Last week, Ariel Schwartz over at Co.Exist published a fantastic piece on Sweetwater Spectrum, a privately funded $9 million development in the heart of downtown Sonoma, Calif., that’s the first housing project in the nation dedicated to providing autistic young adults with “an environment typically not available to them — a place where they have a sense of community and belonging.”

Reading about this remarkable net-zero energy residential community where the motto is "Life with Purpose," I was struck how San Francisco-based firm Leddy Maytum Stacy (LMS) Architects incorporated both sustainability and careful, resident-sensitive design into one beautiful-looking package.

To be clear, Sweetwater Spectrum is not a treatment facility for autistic adults ages 18 and over. Deirdre Sheerin, executive director of the 3-year-old nonprofit organization of the same name formed by a group of parents seeking to provide safe independent housing options to autistic adults, explains to Sonoma News: “We’re not a program, we’re not responsible for their care. In a lot of ways, we’re their landlord. It’s very similar to some models of very high-quality elderly communities.”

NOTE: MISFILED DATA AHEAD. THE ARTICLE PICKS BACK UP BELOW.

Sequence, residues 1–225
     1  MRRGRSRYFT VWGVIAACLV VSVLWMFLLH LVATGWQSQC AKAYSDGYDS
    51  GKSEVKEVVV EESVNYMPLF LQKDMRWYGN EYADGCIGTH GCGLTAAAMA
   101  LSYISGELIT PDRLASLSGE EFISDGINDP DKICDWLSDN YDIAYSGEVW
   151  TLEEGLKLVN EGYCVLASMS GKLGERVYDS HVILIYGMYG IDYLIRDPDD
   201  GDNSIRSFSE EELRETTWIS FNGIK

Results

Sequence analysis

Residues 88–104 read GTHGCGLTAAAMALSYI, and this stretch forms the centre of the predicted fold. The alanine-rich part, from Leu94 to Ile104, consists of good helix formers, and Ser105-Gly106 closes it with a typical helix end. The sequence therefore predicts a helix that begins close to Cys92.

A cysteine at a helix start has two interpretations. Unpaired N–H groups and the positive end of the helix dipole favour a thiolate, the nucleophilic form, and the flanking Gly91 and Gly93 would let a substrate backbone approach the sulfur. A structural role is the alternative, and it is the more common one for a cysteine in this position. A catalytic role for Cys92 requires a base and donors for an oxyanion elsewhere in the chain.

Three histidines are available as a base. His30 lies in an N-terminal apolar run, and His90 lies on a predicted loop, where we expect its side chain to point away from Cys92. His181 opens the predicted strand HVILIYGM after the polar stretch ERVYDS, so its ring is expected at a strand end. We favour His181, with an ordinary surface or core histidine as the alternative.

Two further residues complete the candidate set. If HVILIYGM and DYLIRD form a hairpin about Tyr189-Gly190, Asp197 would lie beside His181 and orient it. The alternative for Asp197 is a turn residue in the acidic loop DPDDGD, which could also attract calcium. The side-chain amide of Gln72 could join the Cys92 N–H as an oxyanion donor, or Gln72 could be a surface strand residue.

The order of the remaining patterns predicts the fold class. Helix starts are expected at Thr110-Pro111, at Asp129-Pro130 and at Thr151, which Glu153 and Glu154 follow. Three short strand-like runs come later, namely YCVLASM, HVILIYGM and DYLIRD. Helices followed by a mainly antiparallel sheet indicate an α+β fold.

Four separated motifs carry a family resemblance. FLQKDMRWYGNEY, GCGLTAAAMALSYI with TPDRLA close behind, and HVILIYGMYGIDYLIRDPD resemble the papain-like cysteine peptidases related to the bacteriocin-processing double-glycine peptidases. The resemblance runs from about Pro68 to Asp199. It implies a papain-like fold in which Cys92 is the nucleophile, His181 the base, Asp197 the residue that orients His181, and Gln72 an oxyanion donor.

Spread over three acres, Sweetwater Spectrum’s pilot community is composed of a quartet of 3,250-square-foot houses. Each house is outfitted with four private bedrooms and bathrooms, a living room, and shared kitchen. Four of the community’s 16 residents will reside in each home. Communal features include a therapy pool and hot tub, greenhouse, and a 2,300-square-foot activity center complete with a gym, art and music room, and a teaching kitchen with a canning/jamming area. There’s also a full 1.25-acre organic farm and orchard that not only provides fresh fruit and veggies to the residents but is also used to grow produce that's sold to local restaurants as a means of bringing in additional revenue.

“Part of the strategy we used was to always provide a variety of spaces ranging from public, semi-public, to private. There are opportunities for people to preview an activity or get away, take a break. There are places for people to be able to engage with other community members in a way that’s appropriate for them,” Marsha Maytum of LMS Architects explains to Co.Exist.